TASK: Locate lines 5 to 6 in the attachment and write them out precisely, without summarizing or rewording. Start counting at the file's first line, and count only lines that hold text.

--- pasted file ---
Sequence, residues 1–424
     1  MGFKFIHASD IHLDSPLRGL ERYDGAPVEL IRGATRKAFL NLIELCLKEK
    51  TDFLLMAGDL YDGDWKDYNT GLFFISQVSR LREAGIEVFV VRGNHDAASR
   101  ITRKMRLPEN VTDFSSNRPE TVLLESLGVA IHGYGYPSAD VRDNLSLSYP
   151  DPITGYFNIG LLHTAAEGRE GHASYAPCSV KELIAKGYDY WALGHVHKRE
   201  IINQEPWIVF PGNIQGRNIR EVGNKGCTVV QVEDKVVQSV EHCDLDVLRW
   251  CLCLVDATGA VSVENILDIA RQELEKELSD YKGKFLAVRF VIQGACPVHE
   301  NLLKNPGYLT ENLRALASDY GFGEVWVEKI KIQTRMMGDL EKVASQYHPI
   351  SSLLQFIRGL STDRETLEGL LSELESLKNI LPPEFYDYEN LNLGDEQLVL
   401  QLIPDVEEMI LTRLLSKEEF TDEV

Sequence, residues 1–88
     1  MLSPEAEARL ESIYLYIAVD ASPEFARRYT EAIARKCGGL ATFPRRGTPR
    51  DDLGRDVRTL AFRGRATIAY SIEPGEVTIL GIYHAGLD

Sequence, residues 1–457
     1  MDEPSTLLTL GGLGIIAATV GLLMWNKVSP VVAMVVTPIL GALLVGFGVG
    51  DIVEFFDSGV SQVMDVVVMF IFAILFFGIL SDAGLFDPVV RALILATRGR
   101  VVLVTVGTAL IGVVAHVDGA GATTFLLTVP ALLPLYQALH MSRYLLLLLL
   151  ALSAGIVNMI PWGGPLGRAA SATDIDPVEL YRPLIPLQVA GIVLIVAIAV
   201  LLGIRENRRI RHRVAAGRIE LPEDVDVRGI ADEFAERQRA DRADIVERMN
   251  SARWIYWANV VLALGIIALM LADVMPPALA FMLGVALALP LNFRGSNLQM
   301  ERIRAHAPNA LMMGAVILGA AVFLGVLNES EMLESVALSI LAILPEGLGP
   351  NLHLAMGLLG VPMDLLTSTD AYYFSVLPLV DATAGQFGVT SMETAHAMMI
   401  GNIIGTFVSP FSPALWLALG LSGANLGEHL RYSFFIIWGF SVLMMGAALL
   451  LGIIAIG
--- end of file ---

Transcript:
   151  DPITGYFNIG LLHTAAEGRE GHASYAPCSV KELIAKGYDY WALGHVHKRE
   201  IINQEPWIVF PGNIQGRNIR EVGNKGCTVV QVEDKVVQSV EHCDLDVLRW